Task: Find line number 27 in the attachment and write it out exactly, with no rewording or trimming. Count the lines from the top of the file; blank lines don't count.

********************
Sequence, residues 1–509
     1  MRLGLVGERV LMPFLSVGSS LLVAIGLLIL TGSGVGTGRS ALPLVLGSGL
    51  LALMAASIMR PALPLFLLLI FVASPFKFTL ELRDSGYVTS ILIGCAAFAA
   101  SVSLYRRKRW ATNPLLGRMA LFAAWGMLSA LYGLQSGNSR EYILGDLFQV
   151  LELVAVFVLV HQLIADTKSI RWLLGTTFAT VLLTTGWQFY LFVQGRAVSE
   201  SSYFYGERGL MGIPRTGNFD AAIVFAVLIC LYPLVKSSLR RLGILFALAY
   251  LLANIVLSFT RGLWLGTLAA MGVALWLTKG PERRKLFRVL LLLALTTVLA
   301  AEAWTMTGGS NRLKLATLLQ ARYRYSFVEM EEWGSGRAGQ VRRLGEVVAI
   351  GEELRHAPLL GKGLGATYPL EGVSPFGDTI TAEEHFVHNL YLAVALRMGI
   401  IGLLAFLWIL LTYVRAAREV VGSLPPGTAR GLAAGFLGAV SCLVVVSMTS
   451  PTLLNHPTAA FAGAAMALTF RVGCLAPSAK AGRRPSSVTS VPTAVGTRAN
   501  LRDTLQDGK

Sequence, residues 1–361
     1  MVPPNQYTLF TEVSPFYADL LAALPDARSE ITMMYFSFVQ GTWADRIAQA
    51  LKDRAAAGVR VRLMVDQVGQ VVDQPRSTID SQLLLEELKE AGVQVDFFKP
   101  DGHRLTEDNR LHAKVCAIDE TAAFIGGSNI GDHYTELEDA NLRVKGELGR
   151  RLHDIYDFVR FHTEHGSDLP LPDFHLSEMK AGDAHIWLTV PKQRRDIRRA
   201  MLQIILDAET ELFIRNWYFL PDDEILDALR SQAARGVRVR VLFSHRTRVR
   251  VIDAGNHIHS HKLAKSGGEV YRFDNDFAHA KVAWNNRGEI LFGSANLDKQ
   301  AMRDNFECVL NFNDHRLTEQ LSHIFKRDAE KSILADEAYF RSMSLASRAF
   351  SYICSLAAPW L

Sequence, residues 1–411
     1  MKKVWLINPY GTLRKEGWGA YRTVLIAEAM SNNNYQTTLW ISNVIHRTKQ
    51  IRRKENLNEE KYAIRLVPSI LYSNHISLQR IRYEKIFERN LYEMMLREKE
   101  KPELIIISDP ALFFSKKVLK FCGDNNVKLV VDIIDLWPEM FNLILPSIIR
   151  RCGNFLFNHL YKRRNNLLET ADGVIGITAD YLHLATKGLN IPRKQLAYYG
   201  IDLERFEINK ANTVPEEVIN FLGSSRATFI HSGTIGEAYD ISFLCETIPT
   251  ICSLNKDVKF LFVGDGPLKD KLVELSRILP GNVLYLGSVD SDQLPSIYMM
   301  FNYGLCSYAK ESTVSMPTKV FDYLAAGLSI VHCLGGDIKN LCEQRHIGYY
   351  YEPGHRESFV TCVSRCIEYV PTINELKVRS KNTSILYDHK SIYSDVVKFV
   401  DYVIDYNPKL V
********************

   201  IDLERFEINK ANTVPEEVIN FLGSSRATFI HSGTIGEAYD ISFLCETIPT